Courtney Crumrin: The Night Things
Recently I stumbled onto a comic which I have since found out is quite famous.Courtney Crumin.
This is a very interesting book I feel. The author seams to be a little confused as to what kind of book he is trying to write. There is a strong vibe here of a fairy tale. A Lion the Witch and the Wardrobe type thing, were a young woman comes to a new location and finds a hidden, magical world. This is a fantastic fiction you would expect form say Niel Gamin and is by far the most interesting and engaging part of these books. Yet, slowly over time starting at the second book the magic has fallen away to full blown fantasy. Courtney is no longer a explorer of the bizarre, experiencing it with the reader, but instead is a initiate into an entire world whom the reader just follows.
Think of the difference between Harry Potter and the Sorcerer Stone and Harry Potter and the Deathly Hallows.
Now, the main character is so alike to one of my girls it is kinda spooky. So maybe I enjoyed this book so much because of that but even so I think this is a pretty exceptional book. At least at the first one was.
Most stories write from a adult perspective, again think of Harry Potter, those kids don't behave like kids. You can feel that it is an adult writing how kids could behave and talk, but it feels false. This story writes the children in a similar was as fully developed people. There is no dumbing down or trying to write form a child's perspective. Instead it is written with the main character possibly being the most clued in and "adult" of the lot. This in turn gives her real credibility as a character and I feel that this kind of writing always makes children not only more believable in stories when they are the main protagonist, but also allows adults to relate to them easier, thus making able to relate to all ages.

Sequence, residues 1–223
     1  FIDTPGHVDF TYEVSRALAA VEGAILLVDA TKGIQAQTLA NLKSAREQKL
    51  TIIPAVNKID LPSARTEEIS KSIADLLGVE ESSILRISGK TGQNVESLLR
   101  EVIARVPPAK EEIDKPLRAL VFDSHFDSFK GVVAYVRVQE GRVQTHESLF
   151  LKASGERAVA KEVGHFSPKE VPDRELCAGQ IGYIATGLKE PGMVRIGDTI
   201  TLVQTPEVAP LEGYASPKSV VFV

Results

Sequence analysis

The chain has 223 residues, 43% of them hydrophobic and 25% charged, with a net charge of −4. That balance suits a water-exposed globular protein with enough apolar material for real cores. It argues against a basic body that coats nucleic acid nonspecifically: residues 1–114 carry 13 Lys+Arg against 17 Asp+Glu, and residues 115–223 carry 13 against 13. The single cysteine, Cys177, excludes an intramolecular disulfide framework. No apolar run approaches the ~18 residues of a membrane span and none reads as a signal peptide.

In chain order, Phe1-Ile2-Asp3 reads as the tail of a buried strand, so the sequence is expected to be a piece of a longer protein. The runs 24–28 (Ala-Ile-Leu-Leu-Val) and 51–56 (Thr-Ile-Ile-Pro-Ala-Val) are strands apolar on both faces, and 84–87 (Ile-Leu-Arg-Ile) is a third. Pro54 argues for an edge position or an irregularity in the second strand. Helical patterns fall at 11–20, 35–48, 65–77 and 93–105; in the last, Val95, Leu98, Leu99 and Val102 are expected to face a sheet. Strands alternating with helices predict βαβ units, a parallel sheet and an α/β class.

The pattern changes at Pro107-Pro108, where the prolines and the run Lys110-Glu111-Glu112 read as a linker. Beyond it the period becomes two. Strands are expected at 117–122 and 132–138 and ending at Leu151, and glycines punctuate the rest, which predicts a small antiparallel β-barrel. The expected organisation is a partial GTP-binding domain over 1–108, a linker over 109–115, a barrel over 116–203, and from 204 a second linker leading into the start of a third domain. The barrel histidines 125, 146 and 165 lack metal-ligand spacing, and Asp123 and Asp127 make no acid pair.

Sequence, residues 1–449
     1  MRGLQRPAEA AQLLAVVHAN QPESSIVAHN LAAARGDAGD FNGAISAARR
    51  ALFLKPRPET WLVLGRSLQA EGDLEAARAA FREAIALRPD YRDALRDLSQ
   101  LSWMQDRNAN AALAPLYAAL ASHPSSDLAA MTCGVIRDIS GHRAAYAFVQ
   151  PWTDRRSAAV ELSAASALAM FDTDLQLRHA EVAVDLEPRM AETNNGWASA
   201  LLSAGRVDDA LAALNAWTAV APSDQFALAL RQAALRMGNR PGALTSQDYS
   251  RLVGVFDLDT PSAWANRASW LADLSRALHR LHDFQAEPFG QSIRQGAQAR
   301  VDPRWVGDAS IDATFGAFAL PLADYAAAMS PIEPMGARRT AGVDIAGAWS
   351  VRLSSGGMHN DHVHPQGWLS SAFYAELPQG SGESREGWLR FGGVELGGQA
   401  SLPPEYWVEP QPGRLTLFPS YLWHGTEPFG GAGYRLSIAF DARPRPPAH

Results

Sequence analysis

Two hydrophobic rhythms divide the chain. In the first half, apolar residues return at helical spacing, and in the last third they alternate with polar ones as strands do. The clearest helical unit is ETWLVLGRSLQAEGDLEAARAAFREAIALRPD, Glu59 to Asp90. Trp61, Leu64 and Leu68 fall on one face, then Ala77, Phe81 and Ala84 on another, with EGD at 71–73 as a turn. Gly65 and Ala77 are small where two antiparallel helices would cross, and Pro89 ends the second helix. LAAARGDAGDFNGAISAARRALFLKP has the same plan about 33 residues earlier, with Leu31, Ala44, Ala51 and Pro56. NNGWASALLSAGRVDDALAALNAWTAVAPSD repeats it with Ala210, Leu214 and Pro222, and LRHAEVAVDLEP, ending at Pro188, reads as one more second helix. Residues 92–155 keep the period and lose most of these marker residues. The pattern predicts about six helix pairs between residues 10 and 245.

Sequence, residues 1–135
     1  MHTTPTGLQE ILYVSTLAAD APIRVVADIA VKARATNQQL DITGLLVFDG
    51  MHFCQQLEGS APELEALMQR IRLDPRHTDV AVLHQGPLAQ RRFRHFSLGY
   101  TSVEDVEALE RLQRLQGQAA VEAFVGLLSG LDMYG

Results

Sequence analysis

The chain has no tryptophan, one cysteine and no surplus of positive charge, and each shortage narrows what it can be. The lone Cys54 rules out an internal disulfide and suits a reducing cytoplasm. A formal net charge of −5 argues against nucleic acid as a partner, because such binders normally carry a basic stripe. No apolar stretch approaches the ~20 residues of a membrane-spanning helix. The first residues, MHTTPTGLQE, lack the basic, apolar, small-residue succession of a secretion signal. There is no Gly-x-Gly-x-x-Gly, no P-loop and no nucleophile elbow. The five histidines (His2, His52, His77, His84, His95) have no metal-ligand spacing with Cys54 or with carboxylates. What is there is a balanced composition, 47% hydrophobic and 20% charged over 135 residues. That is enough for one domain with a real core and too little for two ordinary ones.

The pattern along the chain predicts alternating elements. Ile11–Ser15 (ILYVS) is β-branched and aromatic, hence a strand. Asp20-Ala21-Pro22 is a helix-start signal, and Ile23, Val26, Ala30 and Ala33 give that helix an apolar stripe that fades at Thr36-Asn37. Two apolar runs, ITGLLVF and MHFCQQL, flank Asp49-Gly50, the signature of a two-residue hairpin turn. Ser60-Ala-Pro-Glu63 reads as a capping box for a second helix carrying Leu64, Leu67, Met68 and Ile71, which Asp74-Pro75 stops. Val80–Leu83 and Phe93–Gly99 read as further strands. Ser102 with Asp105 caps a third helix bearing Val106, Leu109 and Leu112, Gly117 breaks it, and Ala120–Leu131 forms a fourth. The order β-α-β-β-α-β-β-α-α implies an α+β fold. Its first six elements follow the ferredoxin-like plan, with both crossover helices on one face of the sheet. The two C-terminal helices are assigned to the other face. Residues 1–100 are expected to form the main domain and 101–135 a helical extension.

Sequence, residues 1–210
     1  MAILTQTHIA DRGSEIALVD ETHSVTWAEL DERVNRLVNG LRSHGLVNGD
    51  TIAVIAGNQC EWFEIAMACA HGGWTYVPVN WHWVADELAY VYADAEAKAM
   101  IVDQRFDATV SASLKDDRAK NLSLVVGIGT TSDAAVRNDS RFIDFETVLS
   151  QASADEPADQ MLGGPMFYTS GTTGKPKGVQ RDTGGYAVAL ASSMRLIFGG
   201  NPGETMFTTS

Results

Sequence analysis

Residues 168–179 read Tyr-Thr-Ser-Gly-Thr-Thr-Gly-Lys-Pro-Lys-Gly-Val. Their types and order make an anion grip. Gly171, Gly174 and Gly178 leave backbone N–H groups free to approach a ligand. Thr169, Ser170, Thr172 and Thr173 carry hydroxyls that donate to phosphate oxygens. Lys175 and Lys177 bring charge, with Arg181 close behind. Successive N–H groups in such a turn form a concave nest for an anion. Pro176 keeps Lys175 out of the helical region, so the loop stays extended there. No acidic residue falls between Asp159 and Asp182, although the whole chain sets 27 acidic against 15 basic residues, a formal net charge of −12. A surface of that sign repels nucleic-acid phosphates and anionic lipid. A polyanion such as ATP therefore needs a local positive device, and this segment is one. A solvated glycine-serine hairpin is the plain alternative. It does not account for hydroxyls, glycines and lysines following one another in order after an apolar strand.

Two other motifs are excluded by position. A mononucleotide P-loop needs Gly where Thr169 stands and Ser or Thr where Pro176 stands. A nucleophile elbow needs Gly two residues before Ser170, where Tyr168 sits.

Now these are not exactly horror tales, but they are relatively macabre and in that lies the genius of the book. Kids and many adults, love spooky stories. For example there is a goblin in this book that lives in the forest that gobbles up children and this happens in the stories, it is not implied. Yet I use the word "gobbles" deliberately as it is not a horrific word. In fact it is a kind of cute word. Children are completely accustom to it, the troll under the bridge, the witch in the ginger bread house, the big bad wolf. These are all ideas used in famous tales for children and for some reason many modern kids stories are so gentrified now, power ranges, the TMNT cartoons and stuff that it is easy to forget that kids love this kind of macabre shit.
I found this series to not only be extremely enjoyable, but I felt it is the kind of book that could transcend the comic community. You could buy this for literally anyone, especially a little girl or say a girlfriend / wife. I think this could very well be one of the better "gateway" comics I have come across in a while. A comic that taps into very well understood story tropes that we all understand as they have been heard and retold for 100s of years. Story frame works that appeal across the board.
I strongly recommend this book, very much so the 1st one, but I really did feel much of the gloss wore off after the first volume due to the change of tone, and disconnect in the narrative. In the 1st volume there is a clear progression of the character, but volume two reads like "2 years latter" or w.e. Things have moved along greatly that I felt we missed so much stuff. The feeling of exploration as the main character discovered the world was lost to her simply moving though it.
* Strongly Recommended *